At the California Institute of Technology in Pasadena, HHMI investigator Paul Sternberg recently found another connection between the social behavior of worms and human diseases. Sternberg has a long-standing interest in genes that control the development of sexual organs in C. elegans. This subject has brought him many unexpected rewards, from major findings about a cancer gene to the recent discovery of a genetic mutation that holds clues to human kidney disease.
At first, while working in Robert Horvitz's lab in the 1980s, Sternberg focused on hermaphrodite worms. These worms have a vulva and are really females, but they also produce some sperm, with which they fertilize their first batch of eggs internally. (From then on, they mostly receive sperm from males, thereby gaining additional chances to produce offspring.)
Some mutant hermaphrodites fail to develop a vulva. After self-fertilizing their eggs, they have no way of laying them. The eggs then hatch inside the worms' bodies and the larvae proceed to devour their mothers.
Sternberg and Horvitz discovered three genes that were involved in this error. To their amazement, they found that one of these genes belonged to the notorious RAS family of proto-oncogenesgenes which, when mutated, can cause cancer. Mutant RAS genes were originally identified in human cancers of the colon, liver, lungs, and bladder, as well as in some leukemias, but researchers had no idea what RAS does or what pathway it acts through.
The answers came from the discovery that the RAS genes in human tumors contain the same mutation that prevented the worms from developing a vulva. The human RAS mutation was also strikingly similar to a mutation that prevented the normal development of the fruit fly eye.
Sternberg then began to study C. elegans males, which are considerably smaller than the hermaphrodites. Normally, when a male worm encounters a hermaphrodite, he approaches her, places his tail, which contains sensory structures, flush with the hermaphrodite, and glides along her body until he locates her vulva. Then he inserts two spicules into the vulva to steady himself and transfers his sperm.
While looking for the genes that control each step in this elaborate routine, Sternberg and his colleague Maureen Barr encountered males that acted strangely in the presence of hermaphrodites. Barr noticed that some of these male worms glided right past the hermaphrodites' vulvas, as if unaware of their presence. The researchers then identified the gene that was responsible for this unusual behavior and called it lov-1 (for location of vulva). They proved its function by showing that if they injected a normal copy of the gene into mutant male worms, the worms found the vulva without difficulty and mated normally.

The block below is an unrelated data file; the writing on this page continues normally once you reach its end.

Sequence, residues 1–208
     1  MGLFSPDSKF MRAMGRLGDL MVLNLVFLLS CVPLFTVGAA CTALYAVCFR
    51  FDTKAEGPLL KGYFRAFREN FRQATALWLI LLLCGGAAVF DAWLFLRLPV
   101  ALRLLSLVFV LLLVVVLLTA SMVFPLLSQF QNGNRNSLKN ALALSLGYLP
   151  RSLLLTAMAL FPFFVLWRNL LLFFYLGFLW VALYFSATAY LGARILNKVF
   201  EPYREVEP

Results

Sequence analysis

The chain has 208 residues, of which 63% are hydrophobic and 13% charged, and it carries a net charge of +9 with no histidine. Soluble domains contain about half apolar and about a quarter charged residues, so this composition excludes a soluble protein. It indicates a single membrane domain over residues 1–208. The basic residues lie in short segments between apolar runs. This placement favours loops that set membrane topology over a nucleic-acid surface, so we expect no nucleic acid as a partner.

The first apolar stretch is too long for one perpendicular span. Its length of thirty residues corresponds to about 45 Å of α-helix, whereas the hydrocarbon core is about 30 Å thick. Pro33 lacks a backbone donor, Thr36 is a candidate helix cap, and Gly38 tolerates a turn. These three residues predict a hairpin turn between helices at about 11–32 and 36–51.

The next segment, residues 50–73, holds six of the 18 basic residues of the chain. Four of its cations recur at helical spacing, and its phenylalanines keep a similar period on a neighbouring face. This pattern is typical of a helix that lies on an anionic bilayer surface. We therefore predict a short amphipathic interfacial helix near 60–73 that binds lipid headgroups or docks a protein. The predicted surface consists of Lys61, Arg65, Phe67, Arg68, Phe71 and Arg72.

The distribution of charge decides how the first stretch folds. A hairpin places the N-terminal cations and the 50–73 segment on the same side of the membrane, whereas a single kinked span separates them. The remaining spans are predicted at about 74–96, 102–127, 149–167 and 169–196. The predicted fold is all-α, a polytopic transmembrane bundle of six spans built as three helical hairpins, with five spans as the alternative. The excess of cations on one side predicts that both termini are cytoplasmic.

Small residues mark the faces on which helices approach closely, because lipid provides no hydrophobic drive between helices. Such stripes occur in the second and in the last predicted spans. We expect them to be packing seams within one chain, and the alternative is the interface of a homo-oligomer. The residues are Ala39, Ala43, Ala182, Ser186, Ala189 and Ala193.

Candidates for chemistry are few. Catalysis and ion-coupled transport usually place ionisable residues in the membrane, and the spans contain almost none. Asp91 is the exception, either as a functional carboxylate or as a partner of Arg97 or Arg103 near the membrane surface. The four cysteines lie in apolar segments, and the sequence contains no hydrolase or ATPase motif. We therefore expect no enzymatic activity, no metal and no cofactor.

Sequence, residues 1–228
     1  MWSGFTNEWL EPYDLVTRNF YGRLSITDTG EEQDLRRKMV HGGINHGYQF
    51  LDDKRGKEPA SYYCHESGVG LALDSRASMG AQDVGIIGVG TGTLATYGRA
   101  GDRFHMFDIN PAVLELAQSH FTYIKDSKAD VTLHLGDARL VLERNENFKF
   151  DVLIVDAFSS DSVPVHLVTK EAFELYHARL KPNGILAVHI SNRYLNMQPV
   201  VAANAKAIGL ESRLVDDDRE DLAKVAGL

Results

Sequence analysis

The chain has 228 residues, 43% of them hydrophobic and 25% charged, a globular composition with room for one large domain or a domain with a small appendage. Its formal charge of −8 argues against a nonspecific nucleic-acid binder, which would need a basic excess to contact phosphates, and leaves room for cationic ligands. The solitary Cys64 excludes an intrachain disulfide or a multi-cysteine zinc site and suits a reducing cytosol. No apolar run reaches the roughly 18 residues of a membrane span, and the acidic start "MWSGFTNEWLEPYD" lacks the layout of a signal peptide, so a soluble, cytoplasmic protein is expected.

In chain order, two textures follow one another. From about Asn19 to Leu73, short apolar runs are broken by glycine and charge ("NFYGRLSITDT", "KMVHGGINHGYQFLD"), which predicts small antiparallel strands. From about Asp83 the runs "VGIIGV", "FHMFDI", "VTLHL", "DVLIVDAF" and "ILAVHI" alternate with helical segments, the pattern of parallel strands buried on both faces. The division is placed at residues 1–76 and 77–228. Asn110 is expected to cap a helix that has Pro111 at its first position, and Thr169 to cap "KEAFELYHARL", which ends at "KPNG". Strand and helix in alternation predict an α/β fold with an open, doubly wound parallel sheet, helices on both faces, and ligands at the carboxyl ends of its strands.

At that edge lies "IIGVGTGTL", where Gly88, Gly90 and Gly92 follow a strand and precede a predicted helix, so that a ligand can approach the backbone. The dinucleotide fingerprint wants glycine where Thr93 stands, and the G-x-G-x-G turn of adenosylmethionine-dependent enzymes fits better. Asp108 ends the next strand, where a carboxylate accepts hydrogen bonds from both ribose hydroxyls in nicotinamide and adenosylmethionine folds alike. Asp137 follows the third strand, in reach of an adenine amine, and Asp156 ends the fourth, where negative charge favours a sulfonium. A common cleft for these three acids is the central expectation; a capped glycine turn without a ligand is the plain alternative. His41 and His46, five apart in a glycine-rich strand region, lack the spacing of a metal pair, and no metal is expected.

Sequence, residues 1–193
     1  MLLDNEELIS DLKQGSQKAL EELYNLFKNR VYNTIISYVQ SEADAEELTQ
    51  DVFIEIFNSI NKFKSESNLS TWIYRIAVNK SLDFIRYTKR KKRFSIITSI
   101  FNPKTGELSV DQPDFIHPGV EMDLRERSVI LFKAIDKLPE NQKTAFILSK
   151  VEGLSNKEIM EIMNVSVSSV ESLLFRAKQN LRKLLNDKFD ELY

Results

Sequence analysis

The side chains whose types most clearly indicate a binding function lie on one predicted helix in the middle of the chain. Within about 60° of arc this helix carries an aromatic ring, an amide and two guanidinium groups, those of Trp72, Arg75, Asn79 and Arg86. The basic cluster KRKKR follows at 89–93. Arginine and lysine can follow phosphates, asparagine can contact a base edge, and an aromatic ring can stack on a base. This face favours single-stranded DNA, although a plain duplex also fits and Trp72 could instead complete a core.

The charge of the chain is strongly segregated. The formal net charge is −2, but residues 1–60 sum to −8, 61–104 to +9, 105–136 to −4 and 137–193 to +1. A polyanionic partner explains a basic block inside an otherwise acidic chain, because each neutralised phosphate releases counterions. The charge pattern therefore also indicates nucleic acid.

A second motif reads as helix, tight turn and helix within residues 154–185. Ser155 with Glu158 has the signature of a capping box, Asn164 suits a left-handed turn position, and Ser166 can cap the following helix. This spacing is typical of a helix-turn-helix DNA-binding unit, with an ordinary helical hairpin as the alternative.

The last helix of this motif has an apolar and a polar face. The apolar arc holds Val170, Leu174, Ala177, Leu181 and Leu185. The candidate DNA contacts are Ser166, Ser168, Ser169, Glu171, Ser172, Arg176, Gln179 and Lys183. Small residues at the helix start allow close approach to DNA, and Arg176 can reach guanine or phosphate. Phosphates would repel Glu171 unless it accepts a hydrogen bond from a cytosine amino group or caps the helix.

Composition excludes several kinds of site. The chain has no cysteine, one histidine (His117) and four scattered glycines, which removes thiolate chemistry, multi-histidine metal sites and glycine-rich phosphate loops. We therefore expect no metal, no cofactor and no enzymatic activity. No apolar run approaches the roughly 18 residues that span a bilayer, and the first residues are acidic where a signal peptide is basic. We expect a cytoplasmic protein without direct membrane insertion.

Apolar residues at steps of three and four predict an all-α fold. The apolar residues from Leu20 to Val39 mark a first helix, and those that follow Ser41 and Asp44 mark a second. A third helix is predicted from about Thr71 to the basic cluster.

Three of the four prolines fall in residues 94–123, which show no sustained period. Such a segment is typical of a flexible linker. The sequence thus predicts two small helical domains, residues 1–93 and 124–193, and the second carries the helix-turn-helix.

When the researchers ran the DNA sequence of lov-1 through various gene databases, however, they could hardly believe what they found: lov-1 closely matched PKD1, a human gene known to be involved in polycystic kidney disease.
"This was a surprise intersection of two different areas," Sternberg says. Though polycystic kidney disease is a fairly common hereditary disorder, it remains poorly understood. Scientists know that a defect in PKD1 causes the formation of cysts in the kidney and that this potentially fatal condition affects more than 12 million people worldwide. But they have not been able to figure out what PKD1 does normally, how the mutation leads to cysts, or how the disease might be treated.
"The advantage of working with C. elegans is that we can do a lot of experiments much faster than in mammalian cells," Sternberg says. "It would be exciting to find more genes that work with lov-1 in the worm, since those genes may also work together in the kidney."
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Paul Sternberg sorts slides showing the odd behavior of sexually incompetent worms...
Photo: Kay Chernush
In normal mating, the male stops at the hermaphrodite's vulva and prepares to insert his spicules into it so he can transfer his sperm.
Image: Katharine S. Liu and Paul W. Sternberg, Neuron, vol. 14, No. 1, cover, January 1995 ©1995 by Cell Press